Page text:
According to Wikipedia: “David Ray Wilkerson (May 19, 1931 – April 27, 2011) was an American Christian evangelist, best known for his book “The Cross and the Switchblade”. He was the founder of the addiction recovery program Teen Challenge, and founding pastor of the non-denominational Times Square Church in New York”. While I have no special fixation on David Wilkerson and there has been things about his style and message I might have taken exception to in the past, he is someone I have been aware off ever since I read “his book”, aged 15, which was partly instrumental in my becoming a Christian, drawn as I was by the idea that if the Christian message could transform the lives of New York gang members and no-hopers, then it could for me also. Later I was attracted by the work of Teen Challenge in changing lives affected by addictions, a ministry he helped to found. I have felt that here was a man that in the main said what needed saying, without compromise, unafraid if it might make him unpopular in the process.
I was drawn again recently to David Wilkerson having listened to his sermon, preached in 1973, titled “The End Times Vision”, in which he reflects on events that will shortly come to pass, in particular in his own country, the USA. While I would not want to discount dreams and visions, for after all the scriptures teach us “your old men shall dream dreams, your young men shall see visions” Joel 2:28, and neither would I ignore the existence of true prophets of God in our present times, but when I listen to such sermons preached my natural skepticism comes into play and I find myself weighing words like those of Wilkerson. While it is possible to argue some of what he said was obvious and general or even not yet fulfilled, much of it has been and, in my view, in a remarkable way. For example, the way he portrays pressure being brought to bear on the part of the church, and especially its leaders, that seeks to stand for biblical truth, the emergence of a new type of ecumenical movement, often united by social justice concerns, that places significant store on accommodating, appeasing and attracting those who may not want follow the sort of tough Bible based teaching that Wilkerson regards as essential, and changes in the culture such as the increasing acceptance of homosexuality and immorality, this is some of what particularly resonates (there is a lot more).
This got me thinking about the need and place for the prophet today. One of the relevant texts is “and he gave some, apostles; and some, prophets; and some, evangelists; and some, pastors and teachers; for the perfecting of the saints, for the work of the ministry, for the edifying of the body of Christ” Ephesians 4:11,12. My own church upbringing was with the Plymouth Brethren. PB’s tended not to put much store by titles like Reverend and will have regarded some with such titles as apostate anyway. It did tend, however, to recognize the need for and presence in their midst of evangelists, pastors, and teachers, but not of apostles and prophets. Without going into the theological rationale, I have come to the view there are those that can truly be placed in each of the five categories and those that do so in a God honouring way need to be affirmed, with or without any label. But it is the place of and need for prophets today I would like to turn, an example of which is seen in the late David Wilkerson.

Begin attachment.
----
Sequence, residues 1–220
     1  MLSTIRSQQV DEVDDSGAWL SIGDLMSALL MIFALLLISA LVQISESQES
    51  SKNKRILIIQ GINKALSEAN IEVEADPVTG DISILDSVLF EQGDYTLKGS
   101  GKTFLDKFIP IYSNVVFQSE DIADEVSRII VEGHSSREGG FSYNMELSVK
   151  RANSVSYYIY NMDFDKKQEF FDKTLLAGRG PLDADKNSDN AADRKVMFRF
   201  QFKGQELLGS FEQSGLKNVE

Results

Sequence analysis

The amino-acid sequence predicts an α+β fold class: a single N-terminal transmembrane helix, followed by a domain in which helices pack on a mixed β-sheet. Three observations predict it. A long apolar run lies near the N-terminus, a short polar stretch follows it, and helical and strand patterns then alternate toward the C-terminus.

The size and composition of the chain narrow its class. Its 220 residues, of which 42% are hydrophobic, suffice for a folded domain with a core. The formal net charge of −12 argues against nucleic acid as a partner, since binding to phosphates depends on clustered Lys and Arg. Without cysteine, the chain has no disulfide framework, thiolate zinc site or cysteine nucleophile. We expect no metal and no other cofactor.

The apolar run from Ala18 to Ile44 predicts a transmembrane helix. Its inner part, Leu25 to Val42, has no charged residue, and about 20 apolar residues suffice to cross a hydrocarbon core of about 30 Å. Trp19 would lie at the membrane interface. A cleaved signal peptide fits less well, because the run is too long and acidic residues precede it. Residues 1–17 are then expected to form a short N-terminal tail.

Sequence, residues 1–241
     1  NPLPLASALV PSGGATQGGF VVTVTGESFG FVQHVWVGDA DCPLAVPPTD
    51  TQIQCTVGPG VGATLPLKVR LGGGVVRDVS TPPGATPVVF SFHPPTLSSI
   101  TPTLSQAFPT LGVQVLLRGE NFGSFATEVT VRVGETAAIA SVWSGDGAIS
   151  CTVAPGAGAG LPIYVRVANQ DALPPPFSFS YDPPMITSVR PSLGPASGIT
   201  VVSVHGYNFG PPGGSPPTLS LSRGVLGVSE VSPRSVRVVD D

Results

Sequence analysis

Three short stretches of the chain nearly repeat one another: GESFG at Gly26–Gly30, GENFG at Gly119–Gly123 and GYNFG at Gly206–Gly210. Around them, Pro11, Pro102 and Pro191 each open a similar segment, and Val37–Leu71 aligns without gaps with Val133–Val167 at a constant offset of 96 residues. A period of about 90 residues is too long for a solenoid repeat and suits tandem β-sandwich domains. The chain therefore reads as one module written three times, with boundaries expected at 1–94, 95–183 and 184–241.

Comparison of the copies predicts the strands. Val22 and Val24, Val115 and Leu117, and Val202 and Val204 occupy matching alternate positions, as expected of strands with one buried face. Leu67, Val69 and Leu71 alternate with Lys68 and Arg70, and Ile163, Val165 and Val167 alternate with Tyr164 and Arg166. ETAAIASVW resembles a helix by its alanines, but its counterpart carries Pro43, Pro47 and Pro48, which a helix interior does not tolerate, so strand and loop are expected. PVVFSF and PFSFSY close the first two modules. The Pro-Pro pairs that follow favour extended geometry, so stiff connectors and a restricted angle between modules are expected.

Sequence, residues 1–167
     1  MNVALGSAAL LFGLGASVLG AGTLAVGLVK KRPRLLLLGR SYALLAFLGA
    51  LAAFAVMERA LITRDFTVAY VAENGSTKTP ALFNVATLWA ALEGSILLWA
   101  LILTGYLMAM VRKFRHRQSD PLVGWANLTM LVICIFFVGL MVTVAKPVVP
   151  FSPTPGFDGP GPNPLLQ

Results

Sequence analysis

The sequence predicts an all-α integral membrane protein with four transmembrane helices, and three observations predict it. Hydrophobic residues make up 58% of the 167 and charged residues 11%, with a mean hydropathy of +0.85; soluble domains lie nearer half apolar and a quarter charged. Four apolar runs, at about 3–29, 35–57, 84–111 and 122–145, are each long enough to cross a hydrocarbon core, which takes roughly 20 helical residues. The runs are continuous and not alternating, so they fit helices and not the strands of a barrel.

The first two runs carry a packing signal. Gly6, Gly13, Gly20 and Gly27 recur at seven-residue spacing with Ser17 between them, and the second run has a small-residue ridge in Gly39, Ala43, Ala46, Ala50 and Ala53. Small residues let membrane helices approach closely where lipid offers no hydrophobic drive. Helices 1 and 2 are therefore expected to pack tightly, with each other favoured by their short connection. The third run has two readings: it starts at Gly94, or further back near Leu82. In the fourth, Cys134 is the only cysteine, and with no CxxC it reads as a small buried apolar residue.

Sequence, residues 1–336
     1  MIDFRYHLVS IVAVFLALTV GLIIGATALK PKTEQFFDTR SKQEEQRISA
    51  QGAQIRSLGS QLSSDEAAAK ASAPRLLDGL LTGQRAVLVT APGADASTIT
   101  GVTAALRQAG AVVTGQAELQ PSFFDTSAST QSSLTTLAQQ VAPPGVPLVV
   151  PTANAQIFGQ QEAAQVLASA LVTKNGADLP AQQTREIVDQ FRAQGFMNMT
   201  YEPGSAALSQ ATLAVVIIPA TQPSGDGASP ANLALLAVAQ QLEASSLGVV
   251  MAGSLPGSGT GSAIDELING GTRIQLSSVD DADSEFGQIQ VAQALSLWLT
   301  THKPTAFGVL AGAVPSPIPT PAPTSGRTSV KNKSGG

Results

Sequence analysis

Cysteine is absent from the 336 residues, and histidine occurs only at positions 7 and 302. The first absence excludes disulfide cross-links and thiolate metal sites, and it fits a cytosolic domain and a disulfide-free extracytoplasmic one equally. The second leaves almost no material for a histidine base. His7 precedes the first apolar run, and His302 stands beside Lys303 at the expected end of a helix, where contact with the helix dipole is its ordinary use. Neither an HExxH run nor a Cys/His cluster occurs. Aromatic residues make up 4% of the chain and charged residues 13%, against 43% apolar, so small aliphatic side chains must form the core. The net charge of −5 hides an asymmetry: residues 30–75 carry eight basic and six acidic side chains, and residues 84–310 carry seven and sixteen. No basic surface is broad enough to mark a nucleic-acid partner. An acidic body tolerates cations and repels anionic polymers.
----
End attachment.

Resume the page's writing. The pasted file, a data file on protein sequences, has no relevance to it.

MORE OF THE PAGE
The type of definition of “prophet” that works for me is along the lines: “a person regarded as an inspired teacher or proclaimer of the will of God along with the idea it is someone who predicted what will happen in the future”. The Bible is full of examples of people that fitted this description but as a note of caution there were many false prophets also. Recently, I found myself reading the prophetical books of the Old Testament. One of the reasons for this was I have been (and still am) reflecting on the many social justice issues facing the world today and the continuing move toward unrighteousness and I am keen to know what it is God thinks about these things and what he might be intending. It seems to me there are a number of parallels. As I read again the prophets, it became apparent that, while they did predict the future, their role was to warn and encourage, and this is something we need today. It also occurs that being a prophet was an unenviable job as most were vilified and a few were killed for their efforts. They were imperfect and often prickly in character, yet they were also God’s instrument.
I for one owe a great debt to David Wilkerson and have found his preaching disturbingly challenging. While, sadly, just as in Old Testament days, many ignore and ridicule what he said, what he did say was important when he was speaking something concerning God’s will and purposes for the world, and especially when it involved the church, which in many ways has gone way off track and needs bringing back back on track. My prayer is that God will raise up more prophets now, likely quite different in character and temperament and not the obvious choices either, for such are the days we live in that an authentic prophetic voice is greatly needed.